When I wrote my report last week Putin’s invasion of the Ukraine had not yet begun.
One week later and we are now bearing witness to the atrocities of war due to the actions of the Russian President.
Over the past seven days we have also witnessed the incredible bravery of a proud Ukrainian nation determined to fight for their homeland that has inspired the free world to come together in response to this brutal invasion.
With sanctions growing by the day and more nations joining in to stand with Ukraine, the financial impacts are now beginning to show an impact in Russia.
In Ottawa there has been widespread support among all the parties behind the government to take increased action against the Putin regime.
From my own perspective I believe the Prime Minister and the Deputy Prime Minister have been doing an effective job given that one country, such as Canada, can only do so much to impact a country like Russia that we have limited trade with.
I will continue to support the government in taking actions against Russian and standing with the Ukraine as it fights off this Putin provoked military invasion.
While I am writing this week's report, the Bank of Canada has announced that the key interest rate is being increased to 0.5%.
This is potentially the first interest rate increase with more to follow.
To some this will be of little concern, however I am already hearing from others who are very concerned.
In November of 2021, the consumer credit rating agency Equifax reported that "Increasing credit activity in tandem with mortgage growth has pushed the overall consumer debt up to $2.2 trillion, an increase of 7.8 % in Q3 2021 when compared to Q3 2020.”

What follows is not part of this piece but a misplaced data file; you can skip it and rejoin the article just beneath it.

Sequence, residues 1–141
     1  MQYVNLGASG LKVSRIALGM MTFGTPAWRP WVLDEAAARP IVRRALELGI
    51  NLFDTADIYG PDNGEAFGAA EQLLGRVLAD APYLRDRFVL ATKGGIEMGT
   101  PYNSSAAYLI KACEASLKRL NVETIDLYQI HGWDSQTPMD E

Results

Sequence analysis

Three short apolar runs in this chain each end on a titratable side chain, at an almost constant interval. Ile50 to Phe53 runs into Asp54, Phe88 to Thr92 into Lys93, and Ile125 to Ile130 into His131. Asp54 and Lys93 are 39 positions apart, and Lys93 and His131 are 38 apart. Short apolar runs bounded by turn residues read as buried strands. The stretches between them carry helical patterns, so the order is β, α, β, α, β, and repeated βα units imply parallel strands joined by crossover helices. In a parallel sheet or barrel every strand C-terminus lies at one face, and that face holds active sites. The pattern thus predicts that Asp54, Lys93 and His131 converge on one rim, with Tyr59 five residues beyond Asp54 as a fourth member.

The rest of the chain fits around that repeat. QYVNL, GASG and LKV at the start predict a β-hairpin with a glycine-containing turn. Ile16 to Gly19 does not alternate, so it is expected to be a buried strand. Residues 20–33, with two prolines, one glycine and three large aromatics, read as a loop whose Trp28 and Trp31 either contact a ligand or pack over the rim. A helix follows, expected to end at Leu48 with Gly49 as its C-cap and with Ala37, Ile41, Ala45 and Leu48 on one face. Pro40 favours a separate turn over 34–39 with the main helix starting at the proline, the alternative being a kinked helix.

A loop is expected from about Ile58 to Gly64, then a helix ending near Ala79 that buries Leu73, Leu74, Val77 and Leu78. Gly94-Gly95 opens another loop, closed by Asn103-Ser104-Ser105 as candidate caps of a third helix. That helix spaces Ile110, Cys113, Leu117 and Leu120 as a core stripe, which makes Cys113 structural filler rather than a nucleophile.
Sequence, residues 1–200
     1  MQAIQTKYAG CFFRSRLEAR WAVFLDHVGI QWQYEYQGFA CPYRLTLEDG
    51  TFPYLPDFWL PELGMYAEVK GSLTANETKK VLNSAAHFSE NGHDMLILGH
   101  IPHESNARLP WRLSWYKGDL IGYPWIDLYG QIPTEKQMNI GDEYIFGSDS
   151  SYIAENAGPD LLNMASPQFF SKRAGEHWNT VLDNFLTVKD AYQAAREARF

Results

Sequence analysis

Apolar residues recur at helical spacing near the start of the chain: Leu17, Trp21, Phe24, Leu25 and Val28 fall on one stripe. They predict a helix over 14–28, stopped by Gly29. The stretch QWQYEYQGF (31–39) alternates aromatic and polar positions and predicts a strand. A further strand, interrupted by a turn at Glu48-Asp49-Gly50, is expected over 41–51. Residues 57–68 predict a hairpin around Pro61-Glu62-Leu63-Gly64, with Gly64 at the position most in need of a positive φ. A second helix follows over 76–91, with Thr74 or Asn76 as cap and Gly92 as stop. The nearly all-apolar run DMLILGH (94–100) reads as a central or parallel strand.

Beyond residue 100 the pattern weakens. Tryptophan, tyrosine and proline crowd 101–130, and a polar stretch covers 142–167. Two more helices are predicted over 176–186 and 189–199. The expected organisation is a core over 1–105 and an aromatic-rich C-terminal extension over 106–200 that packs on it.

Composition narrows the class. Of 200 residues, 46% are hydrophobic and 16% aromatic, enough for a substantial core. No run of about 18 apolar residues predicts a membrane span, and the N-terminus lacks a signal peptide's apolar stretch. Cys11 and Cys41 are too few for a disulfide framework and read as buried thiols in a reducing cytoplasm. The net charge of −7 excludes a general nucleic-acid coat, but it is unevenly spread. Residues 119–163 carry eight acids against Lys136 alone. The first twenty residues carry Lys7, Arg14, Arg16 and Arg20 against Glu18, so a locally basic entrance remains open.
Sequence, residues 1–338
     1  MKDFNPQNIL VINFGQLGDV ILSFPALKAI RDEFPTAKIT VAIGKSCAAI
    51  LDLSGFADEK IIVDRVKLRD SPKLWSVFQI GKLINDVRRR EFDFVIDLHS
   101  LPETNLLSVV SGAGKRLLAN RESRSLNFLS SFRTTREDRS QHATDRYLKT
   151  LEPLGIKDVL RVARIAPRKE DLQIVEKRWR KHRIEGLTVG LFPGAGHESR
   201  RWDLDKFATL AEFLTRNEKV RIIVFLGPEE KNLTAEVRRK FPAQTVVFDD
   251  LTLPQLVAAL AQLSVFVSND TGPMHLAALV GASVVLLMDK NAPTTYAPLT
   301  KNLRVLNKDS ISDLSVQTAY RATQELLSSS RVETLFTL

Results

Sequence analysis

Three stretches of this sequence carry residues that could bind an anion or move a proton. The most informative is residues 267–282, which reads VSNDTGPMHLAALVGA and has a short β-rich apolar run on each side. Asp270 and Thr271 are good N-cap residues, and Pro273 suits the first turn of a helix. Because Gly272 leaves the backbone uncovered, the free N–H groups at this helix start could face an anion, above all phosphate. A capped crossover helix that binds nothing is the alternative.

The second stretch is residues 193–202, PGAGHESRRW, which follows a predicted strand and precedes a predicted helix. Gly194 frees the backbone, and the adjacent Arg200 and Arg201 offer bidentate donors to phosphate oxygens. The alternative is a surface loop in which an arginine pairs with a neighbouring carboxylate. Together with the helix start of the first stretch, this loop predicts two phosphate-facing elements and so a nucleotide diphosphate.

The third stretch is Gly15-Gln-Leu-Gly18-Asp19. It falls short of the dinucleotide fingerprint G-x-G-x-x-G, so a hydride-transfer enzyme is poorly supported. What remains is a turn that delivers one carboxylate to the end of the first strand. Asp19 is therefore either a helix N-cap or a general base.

It was also reported that "average consumer debt (excluding mortgages) is now $20,739"
For consumers who have variable rate mortgages, a line of credit or credit card debt increased interest payments mean there is less money remaining in the household budget after making your monthly or bi-weekly payments.
Worse, this comes at a time when many household budgets are already stretched coping with increased costs on groceries, gasoline, utilities, taxes, insurance other inflationary pressures.
As others have noticed, net take home pay was also decreased in January of 2022 on account of larger payroll deductions from increased CPP deductions.
My question this week relates to the increase in interest rates:
Is this a concern to your household budget?
I can be reached at Dan.Albas@parl.gc.ca or call toll free 1-800-665-8711.
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Dan Albas is the Member of Parliament for the riding of Central Okanagan-Similkameen-Nicola.
Central Okanagan – Similkameen – Nicola